4 peppermint tea bags a handful of fresh mint leaves, plus extra to garnish 2 tablespoons caster sugar 200 ml gin (optional) 4 handfuls of ice cubes ½ lime, whole sliced ½ lemon, whole sliced
Ham hock, broad beans, mint and mustard are a marriage made in flavour heaven and this salad is summer served on a plate. If you are making this to take out on a picnic, I find it is best to keep the ham hock, herbs and pea shoots separate from the dressing until just before serving, as the herbs and shoots tend to wilt. Keep the two elements in separate containers, then combine when ready to serve. 750 g Jersey royal new potatoes, washed and left whole 750 g fresh broad beans, shelled 750 g fresh peas, shelled 500 g mangetout, trimmed 1 bunch of fresh flatleaf parsley, roughly chopped 2 tablespoons chopped fresh mint 180 g cooked ham hock meat, shredded 70 g pea shoots, to garnish (optional) sea salt and ground black pepper
For the creamy mustard dressing: 3 tablespoons extra virgin olive oil 3 tablespoons white wine vinegar a good pinch of sea salt 1 generous teaspoon French wholegrain mustard 2 teaspoons crème fraîche 1 banana shallot (or two small shallots) very finely diced
Serves 4-6 Bring a large saucepan of water to the boil, add the new potatoes and boil for 15–20 minutes until cooked through. Remove from heat, drain and leave to cool. Add more water to the pan, bring to the boil again, then add the broad/fava beans and after 1 minute add the peas and mangetout/snow peas. Boil for a further 1 minute before draining, then transfer to a bowl of iced water to refresh. Drain all the peas and beans and put to one side. For the dressing, put the olive oil and white wine vinegar in a large mixing bowl with a good pinch of salt, and beat with a fork to dissolve the salt in the vinegar. Add the mustard, crème fraîche and shallot and mix well again. Pop the mixed peas and beans and the new potatoes in the bowl with the dressing and mix well. Just before serving, add the parsley, mint and ham hock to the dressed peas and beans and toss together. Season to taste with sea salt and ground black pepper, then sprinkle the pea shoots on top, to garnish, if using.
Rosewater Pavlova The dessert that everyone loves. I have given a simple pavlova a twist by adding rosewater for a scented, perfumed quality, like a summer garden in bloom. You could also try flavouring creams and even meringues with lavender or orange-blossom water, too. If you can find candied rose petals (or have the time to make them yourself) sprinkle them over the top to garnish. If you are planning a picnic away from your garden, it is best to take the meringue, cream and raspberries in separate containers and assemble just before serving.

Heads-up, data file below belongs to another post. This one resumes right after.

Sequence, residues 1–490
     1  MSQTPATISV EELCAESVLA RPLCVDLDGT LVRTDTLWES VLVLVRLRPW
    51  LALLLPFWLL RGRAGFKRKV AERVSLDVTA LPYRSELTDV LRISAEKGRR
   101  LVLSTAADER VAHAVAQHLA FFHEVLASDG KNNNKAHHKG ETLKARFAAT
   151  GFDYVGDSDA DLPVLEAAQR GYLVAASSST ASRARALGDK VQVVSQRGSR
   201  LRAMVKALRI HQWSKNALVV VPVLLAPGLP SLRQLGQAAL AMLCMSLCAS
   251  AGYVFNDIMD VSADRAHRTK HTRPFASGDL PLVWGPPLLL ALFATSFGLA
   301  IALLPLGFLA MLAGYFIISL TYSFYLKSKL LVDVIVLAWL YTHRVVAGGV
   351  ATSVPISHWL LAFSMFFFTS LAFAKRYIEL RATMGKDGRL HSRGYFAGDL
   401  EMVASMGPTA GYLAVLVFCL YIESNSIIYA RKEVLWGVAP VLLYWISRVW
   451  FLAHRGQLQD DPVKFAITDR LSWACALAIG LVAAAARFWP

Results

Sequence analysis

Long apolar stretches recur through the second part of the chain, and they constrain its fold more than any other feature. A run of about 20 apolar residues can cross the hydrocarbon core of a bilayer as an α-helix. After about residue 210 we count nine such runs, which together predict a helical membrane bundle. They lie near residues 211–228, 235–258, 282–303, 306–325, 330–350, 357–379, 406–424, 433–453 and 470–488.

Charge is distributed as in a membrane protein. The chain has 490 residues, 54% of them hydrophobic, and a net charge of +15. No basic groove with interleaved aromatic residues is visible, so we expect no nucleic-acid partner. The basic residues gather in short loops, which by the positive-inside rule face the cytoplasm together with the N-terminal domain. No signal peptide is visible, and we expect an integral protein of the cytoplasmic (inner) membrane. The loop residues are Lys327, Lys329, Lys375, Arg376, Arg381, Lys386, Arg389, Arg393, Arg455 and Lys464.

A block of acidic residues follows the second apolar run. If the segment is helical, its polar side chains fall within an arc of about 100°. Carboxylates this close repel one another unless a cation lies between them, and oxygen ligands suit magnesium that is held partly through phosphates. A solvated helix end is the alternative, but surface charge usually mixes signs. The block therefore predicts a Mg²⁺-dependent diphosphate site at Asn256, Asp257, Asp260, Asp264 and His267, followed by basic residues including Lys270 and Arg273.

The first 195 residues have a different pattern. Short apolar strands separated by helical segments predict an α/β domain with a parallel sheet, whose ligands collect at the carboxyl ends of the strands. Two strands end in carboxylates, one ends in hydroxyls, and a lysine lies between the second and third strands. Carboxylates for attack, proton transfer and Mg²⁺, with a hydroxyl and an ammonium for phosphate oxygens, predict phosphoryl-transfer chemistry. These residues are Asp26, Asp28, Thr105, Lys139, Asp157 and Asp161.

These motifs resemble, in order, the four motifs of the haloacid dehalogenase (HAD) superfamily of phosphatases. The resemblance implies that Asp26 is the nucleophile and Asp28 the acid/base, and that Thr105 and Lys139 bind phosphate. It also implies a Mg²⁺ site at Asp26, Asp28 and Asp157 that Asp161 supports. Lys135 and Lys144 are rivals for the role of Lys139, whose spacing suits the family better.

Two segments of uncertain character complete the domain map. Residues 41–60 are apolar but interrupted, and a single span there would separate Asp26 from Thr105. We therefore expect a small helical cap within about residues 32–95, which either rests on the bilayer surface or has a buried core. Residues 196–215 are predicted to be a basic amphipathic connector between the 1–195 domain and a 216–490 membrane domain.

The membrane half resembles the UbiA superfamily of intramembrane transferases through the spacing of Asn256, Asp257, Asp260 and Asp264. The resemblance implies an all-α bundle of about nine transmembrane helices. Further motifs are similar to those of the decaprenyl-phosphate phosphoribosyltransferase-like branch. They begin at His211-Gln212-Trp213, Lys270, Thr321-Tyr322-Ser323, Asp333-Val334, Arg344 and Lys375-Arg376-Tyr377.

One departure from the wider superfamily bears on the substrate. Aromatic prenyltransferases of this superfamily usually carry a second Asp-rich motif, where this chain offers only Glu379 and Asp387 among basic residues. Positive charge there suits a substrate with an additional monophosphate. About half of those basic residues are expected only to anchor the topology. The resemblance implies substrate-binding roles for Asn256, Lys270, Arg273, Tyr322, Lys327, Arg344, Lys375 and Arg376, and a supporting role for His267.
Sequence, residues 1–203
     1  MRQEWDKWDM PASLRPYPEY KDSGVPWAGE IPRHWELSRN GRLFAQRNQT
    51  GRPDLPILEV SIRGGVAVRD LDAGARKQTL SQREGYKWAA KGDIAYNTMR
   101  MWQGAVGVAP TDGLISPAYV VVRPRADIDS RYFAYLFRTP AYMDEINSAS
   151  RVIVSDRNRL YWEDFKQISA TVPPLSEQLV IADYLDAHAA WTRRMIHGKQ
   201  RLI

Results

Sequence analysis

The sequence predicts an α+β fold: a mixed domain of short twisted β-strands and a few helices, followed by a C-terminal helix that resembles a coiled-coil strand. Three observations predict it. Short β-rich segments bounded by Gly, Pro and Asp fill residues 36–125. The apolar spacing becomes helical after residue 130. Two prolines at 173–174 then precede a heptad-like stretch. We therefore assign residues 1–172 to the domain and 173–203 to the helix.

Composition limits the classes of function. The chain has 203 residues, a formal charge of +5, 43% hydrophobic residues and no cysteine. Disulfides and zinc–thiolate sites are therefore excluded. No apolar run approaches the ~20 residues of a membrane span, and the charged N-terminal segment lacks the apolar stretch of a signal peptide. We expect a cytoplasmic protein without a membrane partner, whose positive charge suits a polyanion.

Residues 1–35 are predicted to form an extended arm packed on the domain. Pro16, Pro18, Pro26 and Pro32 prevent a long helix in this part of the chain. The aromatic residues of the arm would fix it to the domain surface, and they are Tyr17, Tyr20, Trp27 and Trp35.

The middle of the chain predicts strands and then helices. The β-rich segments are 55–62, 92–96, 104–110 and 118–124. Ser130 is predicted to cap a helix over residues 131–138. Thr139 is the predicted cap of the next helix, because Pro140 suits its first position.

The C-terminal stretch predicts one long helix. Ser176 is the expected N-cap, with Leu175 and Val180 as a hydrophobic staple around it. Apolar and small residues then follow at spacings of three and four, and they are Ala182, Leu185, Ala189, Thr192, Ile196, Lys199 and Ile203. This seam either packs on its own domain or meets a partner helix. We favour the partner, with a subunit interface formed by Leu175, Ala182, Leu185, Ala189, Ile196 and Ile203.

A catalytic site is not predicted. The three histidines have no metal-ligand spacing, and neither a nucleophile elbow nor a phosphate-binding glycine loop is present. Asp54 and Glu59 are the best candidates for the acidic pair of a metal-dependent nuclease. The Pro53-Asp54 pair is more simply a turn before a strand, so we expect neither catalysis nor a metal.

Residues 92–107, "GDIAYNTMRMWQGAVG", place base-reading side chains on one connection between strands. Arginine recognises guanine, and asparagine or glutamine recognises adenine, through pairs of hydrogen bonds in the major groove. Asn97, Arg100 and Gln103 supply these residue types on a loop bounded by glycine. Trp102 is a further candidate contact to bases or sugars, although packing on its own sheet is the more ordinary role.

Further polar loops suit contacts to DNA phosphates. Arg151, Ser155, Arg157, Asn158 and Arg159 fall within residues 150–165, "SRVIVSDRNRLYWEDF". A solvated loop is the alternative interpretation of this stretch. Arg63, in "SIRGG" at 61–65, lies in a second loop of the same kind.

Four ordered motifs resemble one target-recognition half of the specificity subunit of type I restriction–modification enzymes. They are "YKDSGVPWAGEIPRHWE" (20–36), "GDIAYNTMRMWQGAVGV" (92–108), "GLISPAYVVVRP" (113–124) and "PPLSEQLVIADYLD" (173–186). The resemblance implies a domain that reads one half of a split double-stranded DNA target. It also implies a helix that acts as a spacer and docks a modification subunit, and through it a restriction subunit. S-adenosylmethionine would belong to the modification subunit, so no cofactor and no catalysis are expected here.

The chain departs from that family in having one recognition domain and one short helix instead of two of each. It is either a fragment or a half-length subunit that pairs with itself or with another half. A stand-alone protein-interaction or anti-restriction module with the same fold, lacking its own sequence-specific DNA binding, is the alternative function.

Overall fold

For the meringue: 4 egg whites 225 g golden caster sugar 1 teaspoon cornflour 1 teaspoon white wine vinegar
For the topping: 250 ml double cream 1 tablespoon rosewater 1 tablespoon caster sugar 350 g fresh raspberries icing sugar, for dusting a baking sheet lined with nonstick baking parchment
Serves 6 Preheat the oven to 120°C (250°F) Gas ½. In a large mixing bowl, whisk the egg whites with an electric hand whisk until they just form stiff peaks. Gradually add the sugar, a couple of tablespoons at a time, whisking well between each addition. When all of the sugar is added, continue whisking for 3–4 minutes or until the meringue is stiff and glossy and stands up in peaks, then whisk in the cornflour and vinegar. Spoon the mixture onto the prepared baking sheet and use a palette knife to shape it into a circle about 20-cm in diameter. Bake in the preheated oven for 1½ hours, then turn the oven off, leave the door ajar and leave the meringue inside to cool completely (you could make the meringue the day before and leave to cool overnight). When cool, carefully peel the meringue off the baking parchment and place on a serving dish. Don’t worry too much if it breaks – there is plenty of topping to hide the cracks! Put the cream in a mixing bowl and whisk until just thickening up. Add the rosewater and sugar and carry on whipping for a few more minutes until the cream is thick enough to spread. Spoon the rosewater cream onto the meringue, heap the fresh raspberries on top and dust with icing sugar. RETIREMENT
A perfect day for a picnic
Ham Hock, Bean & Mint Salad with a Creamy Mustard Dressing
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An Apple a Day
he versatile apple is given a fresh twist in this one-of-a kind new cookbook, with recipes carefully selected to reflect the holidays, seasons and months of the year. Explore different ways of making tried and true apple dishes, while expanding your horizons with novel apple recipes for savoury meals, salads and cocktails. Here are three we have chosen for you to try.
Apple and Vanilla Roll-Ups with Honey Yogurt
Recipes extracted from an Apple a Day by Karen Berman and Melissa Petitto, Race Point Publishing, RSP £16.99 hardback.
Escarole, Apple, and Walnut Salad with Ricotta Salata Made from sheep’s milk, ricotta salata is a fresh cheese that has been pressed, salted, and dried. It is especially delicious shaved or grated over green salads such as this one.
Keep prepared crepes and fresh apples on hand and you can make this dessert whenever the mood hits.
Makes 4 servings
Makes 2 servings
1 teaspoon Dijon mustard
Dressing 1 tablespoon apple cider vinegar
3 Gala apples, cored and cut into 8 wedges each
1 teaspoon honey
3/4 cup granulated sugar
1/2 teaspoon sea salt
1/2 teaspoon ground cinnamon
1/2 teaspoon freshly ground black pepper
6 (9-inch) prepared crepes
Lentil, Feta, and Apple Salad
Makes 2 servings